TBW-Yeah I work in one of the 3 buildings that is directly across from the mall so it is a 5 minute walk. I imagine if the walk is 10-15 minutes no one really has time to do it.
I'm nowhere near as frugal as I ought to be. Part of it is 'household building'. Part of it is a desire to buy quality so I don't have to buy again shortly afterwards. But a lot of it is convenience as well as a desire to enjoy life. It slows down the house-buying goal, but at the current prices I still couldn't afford almost anything unless I'd saved up an almost all-cash down payment, so I clearly haven't missed much. And I've enjoyed life very much in the intervening 4 years.
here's an interesting placehttp://franklymls.com/DC70865144BR, 2BA, it's charming, the neighborhoodisn't great, but, it's tolerable.
Hi Tabitha..yep, back on the marketDo you have Mich license plate?
pat-Have you seen the inside of the house. Seeing the house sold for 750K 3 years ago that's pretty impressive they are trying to sell it for 344. The outside looks nice although as you said the neighborhood is a little rough.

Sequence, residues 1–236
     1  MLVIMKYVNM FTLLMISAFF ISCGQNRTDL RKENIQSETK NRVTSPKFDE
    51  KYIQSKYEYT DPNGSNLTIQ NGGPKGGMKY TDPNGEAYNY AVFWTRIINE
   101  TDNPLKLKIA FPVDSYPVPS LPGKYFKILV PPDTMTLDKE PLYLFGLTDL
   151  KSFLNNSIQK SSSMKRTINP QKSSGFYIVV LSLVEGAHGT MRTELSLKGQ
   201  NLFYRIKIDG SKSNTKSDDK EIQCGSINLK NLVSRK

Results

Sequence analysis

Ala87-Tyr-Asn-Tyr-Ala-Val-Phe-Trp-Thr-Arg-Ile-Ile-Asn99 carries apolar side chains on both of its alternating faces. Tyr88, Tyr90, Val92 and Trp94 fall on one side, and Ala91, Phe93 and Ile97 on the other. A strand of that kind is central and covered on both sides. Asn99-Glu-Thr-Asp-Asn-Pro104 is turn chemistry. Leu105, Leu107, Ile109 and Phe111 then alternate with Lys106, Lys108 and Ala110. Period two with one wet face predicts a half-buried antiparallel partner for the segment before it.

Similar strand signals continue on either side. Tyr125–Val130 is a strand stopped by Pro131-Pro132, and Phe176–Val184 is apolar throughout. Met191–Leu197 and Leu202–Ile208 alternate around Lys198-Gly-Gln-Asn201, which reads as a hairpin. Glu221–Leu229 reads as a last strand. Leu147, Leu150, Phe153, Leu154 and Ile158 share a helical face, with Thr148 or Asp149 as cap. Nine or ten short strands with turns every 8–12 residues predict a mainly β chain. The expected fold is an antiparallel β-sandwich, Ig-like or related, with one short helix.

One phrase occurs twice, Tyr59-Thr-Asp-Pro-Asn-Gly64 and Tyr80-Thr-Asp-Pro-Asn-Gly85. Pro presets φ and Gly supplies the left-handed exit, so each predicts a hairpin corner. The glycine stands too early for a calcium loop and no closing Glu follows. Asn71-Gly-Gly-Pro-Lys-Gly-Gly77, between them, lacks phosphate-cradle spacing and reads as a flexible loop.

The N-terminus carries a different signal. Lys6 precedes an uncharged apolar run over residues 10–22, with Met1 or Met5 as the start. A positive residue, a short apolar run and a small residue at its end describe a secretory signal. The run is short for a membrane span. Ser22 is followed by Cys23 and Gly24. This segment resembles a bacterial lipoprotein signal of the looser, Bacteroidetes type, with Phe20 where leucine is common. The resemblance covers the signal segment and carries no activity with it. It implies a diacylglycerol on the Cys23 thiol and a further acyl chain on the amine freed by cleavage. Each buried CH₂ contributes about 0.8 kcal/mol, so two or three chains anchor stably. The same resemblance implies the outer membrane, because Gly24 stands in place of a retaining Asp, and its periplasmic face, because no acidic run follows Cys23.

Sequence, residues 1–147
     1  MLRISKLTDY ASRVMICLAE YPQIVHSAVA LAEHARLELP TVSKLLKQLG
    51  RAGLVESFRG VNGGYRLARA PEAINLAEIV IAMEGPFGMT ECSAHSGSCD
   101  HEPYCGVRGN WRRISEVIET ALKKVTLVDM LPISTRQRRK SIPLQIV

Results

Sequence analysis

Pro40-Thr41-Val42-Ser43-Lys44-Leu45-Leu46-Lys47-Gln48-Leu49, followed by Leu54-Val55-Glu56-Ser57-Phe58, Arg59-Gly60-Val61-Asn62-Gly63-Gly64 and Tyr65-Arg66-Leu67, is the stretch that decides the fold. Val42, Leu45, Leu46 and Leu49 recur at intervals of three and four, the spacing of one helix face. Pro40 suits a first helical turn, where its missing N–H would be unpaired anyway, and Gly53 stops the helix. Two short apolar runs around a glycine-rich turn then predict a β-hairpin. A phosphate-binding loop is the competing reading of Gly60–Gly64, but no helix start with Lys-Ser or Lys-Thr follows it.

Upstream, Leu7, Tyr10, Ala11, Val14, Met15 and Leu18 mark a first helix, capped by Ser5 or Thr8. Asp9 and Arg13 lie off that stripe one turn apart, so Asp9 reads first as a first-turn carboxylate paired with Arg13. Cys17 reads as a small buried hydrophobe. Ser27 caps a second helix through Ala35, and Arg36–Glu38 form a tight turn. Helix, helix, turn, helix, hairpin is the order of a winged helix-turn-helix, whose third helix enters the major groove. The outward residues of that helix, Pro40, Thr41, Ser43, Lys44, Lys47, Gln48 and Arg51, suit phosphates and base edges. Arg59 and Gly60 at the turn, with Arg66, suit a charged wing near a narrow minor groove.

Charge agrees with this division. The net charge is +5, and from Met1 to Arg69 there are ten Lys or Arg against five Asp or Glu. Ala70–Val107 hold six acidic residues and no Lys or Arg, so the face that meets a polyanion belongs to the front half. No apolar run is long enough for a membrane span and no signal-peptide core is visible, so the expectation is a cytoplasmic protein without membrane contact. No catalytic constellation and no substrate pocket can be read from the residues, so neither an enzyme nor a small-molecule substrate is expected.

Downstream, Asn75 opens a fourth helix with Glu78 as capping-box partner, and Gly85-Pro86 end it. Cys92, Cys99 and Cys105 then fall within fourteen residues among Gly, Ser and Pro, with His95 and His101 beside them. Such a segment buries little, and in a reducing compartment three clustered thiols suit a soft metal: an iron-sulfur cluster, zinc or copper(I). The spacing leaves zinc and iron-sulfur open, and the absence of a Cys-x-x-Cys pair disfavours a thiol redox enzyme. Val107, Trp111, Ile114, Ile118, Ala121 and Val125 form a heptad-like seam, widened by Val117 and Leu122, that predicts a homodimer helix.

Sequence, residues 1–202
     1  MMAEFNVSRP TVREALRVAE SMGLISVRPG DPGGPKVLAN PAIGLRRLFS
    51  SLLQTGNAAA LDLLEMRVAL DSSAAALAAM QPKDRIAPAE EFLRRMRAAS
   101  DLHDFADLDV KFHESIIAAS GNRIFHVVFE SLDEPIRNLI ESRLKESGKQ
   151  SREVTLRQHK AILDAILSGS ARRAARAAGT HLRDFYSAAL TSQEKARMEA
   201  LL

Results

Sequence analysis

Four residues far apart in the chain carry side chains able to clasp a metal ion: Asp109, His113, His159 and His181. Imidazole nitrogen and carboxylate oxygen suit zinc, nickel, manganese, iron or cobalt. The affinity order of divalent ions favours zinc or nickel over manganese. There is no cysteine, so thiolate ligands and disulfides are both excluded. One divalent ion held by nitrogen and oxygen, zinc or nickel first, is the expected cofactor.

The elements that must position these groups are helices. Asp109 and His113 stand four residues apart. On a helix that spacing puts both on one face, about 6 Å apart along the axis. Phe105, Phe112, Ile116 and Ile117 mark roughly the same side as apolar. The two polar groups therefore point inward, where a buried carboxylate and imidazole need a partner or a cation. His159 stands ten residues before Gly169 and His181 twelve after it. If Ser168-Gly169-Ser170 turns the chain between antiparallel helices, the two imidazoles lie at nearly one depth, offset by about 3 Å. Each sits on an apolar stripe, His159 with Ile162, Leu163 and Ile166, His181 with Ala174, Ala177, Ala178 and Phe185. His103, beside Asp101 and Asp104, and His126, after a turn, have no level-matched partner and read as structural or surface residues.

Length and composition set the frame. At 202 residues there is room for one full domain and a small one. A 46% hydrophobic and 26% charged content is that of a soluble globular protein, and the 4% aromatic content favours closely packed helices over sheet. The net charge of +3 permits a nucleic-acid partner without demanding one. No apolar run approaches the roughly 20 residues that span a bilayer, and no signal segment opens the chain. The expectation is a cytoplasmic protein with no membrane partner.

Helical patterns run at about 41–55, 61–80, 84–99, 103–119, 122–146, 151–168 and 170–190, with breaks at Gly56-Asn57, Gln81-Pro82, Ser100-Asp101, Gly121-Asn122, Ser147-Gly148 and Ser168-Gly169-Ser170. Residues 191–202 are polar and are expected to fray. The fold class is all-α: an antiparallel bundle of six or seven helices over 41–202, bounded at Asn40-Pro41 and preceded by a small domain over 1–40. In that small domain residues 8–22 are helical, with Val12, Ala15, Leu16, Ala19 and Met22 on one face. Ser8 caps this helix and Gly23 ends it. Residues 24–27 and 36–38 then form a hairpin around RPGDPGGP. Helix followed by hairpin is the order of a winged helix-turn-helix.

I just wanted to comment on housebuyer's 1st comment.I do agree to a large extent with a lot of what he is saying . . . but I'll point out a few things. "We obviously can not have as much land as our parents because twice as many people live in the same size area."I somewhat agree, but mostly disagree. While it is true that the population has obviously gone up dramatically, it is also true that cities have expanded. So while Fairfax might have been out in the boonies 30 years ago, those folks would have commuted into D.C. b/c the jobs were in D.C. vs. Fairfax. Now job centers are in Fairfax and people can commute from Loudoun, Fauquier, etc. I'm sure in 30-40 years job centers will be in Manassas, etc and people will from Rappahanock, etc.The point being that while the population of the area has increased job centers will also move to compensate.The other point being that in the U.S. and in the world there is way more land available then is being used right now. Take a cross-country trip and you will see that there is plenty of land and plenty of space for job centers to grow and houses to be build."My last point is I also think that our generation spends a lot more money on non-necessities than our parents. Most of us go out to eat 5+ times a week compared to probably less than one for our parents. We all have our own car, which was not nearly as normal 30 years ago. We all have 2+ computers and 2+ TVs in the house compared to 1 of each for our parents generation. Lets not even start looking at things like smart phones, IPODs, and designer hand bags. I may be wrong, but I am pretty sure we just choose to spend our money in a different way and then wonder why we have nothing saved and don't live in a big house."Fair enough, but I view iPods, plasma tvs etc. like candy, it feels and tastes great but I personally can't measure my standard of living by iPods and tvs.I'll never forget traveling to Argentina 2 years ago, most everybody had some sort of cell-phone yet they live in housing that is crumbling, horrible infrastructure and borderline 2nd/3rd world in parts. So sure their livestyle was inhanced by a cellphone, but what would you rather have a decent house and no cellphone or a crappy cinderblock house and a cellphone?As for cars . . . and all the other junk, okay great we all have cars but they are almost always on a 5 year loan and then most people buy a new car at the end of the 5 years . . . so you're perpetually in debt to own a car. Today's society is permeated with the monthly payment. If it fits in my monthly payment, I can buy it . . . nevermind I'll be paying on it for the rest of my life.Seriously think about what would happen if most of the credit people use disappeared, if you actually had to use layaway or buy things in cash . . . how much of what we have is really based on credit? And credit is a time-shift, buy today with a penalty when you could by tomorrow with no penalty.Credit pulls forward future demand to the present and can thereby rob the future in favor of the present.So sure we have iPods, iPhones, computers, tvs, etc . . . but like candy does that really sustain us or is it just robbing us of the future.How much of the wealth and supposed higher standard of living is really higher or are we just borrowing today in order to short change tomorrow.I personally believe while our parents didn't have as many nice things there were definitely more wealthy than I am at my stage, why? Simply put b/c they didn't have to borrow the future in order to pay for today. In the 70s I would venture most people had a house as a debt, and not much else. . . today you have house, school, car, credit card, etc.Do we really have a higher standard of living or is it all just an illusion?